“The Falcon climbs to a cruising altitude of 41,000 feet in about 20 minutes, depending on air-traffic control; other airplanes take a half-hour to reach cruising altitude and have to stay in the mid 30s. As it can fly at up to 47,000 feet, it gets above most of the weather, making for a more comfortable ride.
“The Falcon has incredible fuel economy. It cruises at Mach 0.81 and has a long range—we can fly Chicago to Paris, about an eight-hour flight, without a stop.
“The interface with the EASy II avionics is extremely intuitive and promotes safety by enhancing our ability to perform our functions, program the airplane and double check that everything is being done correctly. The airplane is designed for difficult approaches, so it opens up more destinations for passengers. London City, for example, is right up against London and has both a steep approach and short runway.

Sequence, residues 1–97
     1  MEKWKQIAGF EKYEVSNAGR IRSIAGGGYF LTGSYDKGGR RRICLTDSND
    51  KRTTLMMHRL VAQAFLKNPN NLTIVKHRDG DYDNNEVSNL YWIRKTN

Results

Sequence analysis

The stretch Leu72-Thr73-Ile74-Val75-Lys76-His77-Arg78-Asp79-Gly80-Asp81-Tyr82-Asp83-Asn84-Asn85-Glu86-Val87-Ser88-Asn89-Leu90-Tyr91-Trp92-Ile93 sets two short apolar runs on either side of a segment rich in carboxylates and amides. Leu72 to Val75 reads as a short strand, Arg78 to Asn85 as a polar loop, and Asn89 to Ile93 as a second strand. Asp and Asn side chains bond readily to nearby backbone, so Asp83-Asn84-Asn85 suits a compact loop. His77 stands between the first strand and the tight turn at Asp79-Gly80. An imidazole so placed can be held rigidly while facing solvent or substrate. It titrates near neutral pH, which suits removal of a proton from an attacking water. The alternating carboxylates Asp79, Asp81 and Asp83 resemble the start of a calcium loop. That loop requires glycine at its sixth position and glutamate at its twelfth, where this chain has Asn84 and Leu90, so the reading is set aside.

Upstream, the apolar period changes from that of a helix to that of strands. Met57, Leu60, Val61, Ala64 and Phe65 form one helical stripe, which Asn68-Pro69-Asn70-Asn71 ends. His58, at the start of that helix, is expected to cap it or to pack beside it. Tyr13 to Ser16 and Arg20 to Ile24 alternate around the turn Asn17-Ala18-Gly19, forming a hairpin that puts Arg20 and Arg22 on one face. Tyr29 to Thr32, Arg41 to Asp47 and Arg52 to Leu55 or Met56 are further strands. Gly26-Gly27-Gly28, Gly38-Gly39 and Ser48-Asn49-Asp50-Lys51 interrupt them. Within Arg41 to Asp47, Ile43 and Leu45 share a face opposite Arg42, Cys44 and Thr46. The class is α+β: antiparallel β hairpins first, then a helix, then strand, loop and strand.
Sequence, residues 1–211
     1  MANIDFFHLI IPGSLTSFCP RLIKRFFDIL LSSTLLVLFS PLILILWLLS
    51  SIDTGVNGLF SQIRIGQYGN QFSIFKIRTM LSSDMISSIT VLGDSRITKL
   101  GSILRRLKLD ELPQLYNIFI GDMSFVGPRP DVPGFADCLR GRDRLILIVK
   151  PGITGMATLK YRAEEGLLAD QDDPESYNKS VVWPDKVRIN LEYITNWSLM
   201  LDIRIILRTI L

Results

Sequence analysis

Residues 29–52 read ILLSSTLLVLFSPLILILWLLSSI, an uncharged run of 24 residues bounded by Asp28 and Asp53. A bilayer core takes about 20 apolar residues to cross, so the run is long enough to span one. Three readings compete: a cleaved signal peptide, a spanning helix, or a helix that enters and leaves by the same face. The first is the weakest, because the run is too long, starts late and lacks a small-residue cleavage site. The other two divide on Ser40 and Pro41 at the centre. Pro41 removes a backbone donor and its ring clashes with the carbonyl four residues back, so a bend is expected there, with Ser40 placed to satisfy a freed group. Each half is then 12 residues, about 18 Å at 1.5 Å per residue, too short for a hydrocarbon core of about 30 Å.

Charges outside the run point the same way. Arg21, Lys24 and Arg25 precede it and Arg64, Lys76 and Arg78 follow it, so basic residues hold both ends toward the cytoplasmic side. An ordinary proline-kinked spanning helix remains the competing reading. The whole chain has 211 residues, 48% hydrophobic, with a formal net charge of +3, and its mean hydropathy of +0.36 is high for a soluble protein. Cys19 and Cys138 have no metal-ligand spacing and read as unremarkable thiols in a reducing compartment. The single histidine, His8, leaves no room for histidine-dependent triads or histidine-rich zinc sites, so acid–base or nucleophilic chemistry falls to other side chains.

“Inside, the Falcon is spacious with a flat floor so people can walk around; we have seating for 10 passengers with space for three single beds and one double, all completely flat. The Falcon is also extremely quiet—people always comment on how quiet it is in cruise.
“We fly with an attendant and have an oven and microwave so that we can prepare meals on board. The cabin has two large TV screens as well as individual seven-inch screens, with satellite radio and CD and DVD players.”
Hawker 4000—Phil Dacy, chief pilot, Priester Aviation
“I have flown numerous corporate aircraft, and my favorite is my current one, the Hawker 4000. It has incredible capabilities and the avionics suite is outstanding. We can operate on relatively short runways: our home base has 5,000 feet of runway but 4,500 feet and less is often doable, making destinations like Key West [Florida] and Bridgeport [in the Bahamas] available.
“The 4000’s wing loading and design provide for a smooth ride and the aircraft offers great fuel efficiency: we can operate nonstop from Chicago to the West Coast, even on warm summer days when many aircraft would need fuel stops. Our crew has flown Bangor, Maine, to Paris and Iceland to Chicago nonstop.